I never thought too much about fairies until I read Ellen Dugan’s Garden Witchery. In this book, she describes some brownie trouble she had when doing some garden construction. Up to that point, I’d pretty much dismissed working with fairies as a bunch of New Age hooey. I’m still a bit on that side of the fence, really.
But fairies are real, at least to some people. Roderick largely conflates them with sylphs in his description of them, saying that they are “one of four orders of elemental, magical creatures” and that they “reside in (and are made up of the astral energies of) the element of air” and align with the east and the time of dawn. I don’t think all fairies are air creatures (those brownies seem pretty keyed to earth to me), but I don’t think that has much to do with the practice for today.
Take time to explore a natural setting today where you sense that you might find fairies. While you are there, sit on the ground, close your eyes, and silently invite the fairies into your presence. Do not make sudden moves or open your eyes. Simply sit and allow the energies to surround you. You may feel tingling or a tickling sensation on the skin or internally. This is how many folks report they first experience the elemental energies.
After a few minutes of experiencing the fairy energies, silently thank them and let them know that you will be leaving their magical plane. Open your eyes and place an offering on the ground. Then leave the spot and do not return. In Ireland, traditional offerings include bits of cheese, eggs, apples, or bread.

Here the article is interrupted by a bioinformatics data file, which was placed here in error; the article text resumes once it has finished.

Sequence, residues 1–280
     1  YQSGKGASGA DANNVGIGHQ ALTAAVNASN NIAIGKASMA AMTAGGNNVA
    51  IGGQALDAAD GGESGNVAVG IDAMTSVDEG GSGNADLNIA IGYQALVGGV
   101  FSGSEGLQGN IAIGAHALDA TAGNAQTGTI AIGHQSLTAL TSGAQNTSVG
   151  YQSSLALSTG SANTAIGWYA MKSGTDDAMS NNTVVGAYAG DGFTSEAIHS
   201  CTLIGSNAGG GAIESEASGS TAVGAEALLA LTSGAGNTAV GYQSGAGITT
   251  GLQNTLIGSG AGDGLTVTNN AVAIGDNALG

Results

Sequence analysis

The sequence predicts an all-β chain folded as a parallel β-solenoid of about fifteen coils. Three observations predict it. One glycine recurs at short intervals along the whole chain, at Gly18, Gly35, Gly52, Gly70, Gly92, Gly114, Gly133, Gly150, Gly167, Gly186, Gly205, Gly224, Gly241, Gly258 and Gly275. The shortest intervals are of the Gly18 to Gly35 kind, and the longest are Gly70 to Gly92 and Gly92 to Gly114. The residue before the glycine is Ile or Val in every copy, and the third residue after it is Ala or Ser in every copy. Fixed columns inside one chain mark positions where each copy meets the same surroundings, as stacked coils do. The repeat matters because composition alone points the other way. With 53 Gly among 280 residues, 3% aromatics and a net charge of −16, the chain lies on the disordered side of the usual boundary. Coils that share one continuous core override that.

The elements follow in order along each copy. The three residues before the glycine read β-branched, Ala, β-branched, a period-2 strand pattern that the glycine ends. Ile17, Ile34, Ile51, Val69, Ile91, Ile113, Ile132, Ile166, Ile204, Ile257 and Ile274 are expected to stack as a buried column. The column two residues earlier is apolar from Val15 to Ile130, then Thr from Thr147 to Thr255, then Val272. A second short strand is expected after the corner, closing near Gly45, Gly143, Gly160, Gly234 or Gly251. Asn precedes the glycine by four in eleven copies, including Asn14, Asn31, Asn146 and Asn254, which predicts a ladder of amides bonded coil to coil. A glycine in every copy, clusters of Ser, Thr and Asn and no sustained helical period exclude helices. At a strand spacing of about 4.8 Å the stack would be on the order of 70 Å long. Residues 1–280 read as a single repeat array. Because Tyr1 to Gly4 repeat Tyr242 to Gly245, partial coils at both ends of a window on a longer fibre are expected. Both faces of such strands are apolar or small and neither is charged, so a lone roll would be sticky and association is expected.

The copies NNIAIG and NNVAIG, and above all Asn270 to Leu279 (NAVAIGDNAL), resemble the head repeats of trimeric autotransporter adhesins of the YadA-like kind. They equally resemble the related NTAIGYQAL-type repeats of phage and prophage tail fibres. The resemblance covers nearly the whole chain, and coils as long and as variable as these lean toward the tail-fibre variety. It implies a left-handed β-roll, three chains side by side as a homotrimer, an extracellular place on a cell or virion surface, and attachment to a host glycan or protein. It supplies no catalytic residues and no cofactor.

Roderick notes that fairies are drawn to most untamed natural settings, but are especially fond of ferns, toadstools, small grassy mounds, near or in wells and springs, in fields of wild flowers or herbs, forests, deserts, and near fireplaces and bonfires. I decided to head out to Hendricks park and see what I could find, and I found a nice little circle of ferns surrounding a growth of three trees. That seemed fairly auspicious, so I parked myself against the middle tree.
It was really hard to make myself feel open to the fairies and to be completely still. I found myself noticing the hundreds of little forest sounds around me–distant drops of water falling on the dry leaves below and coming closer, the steady hum of traffic under the hill and of I-5 wending through the mountains. After awhile the water got closer and began to fall upon me. I did begin to feel a tickling sensation across my legs, which were stretched out in front of me, but that was soon outweighed by the rain. I drew out a roll I picked up from the Eugene City Bakery, opened it up in half and pinched out a bit. I said, “I share this with you in appreciation of you sharing your world with me,” ate my bit, said my thanks, and left.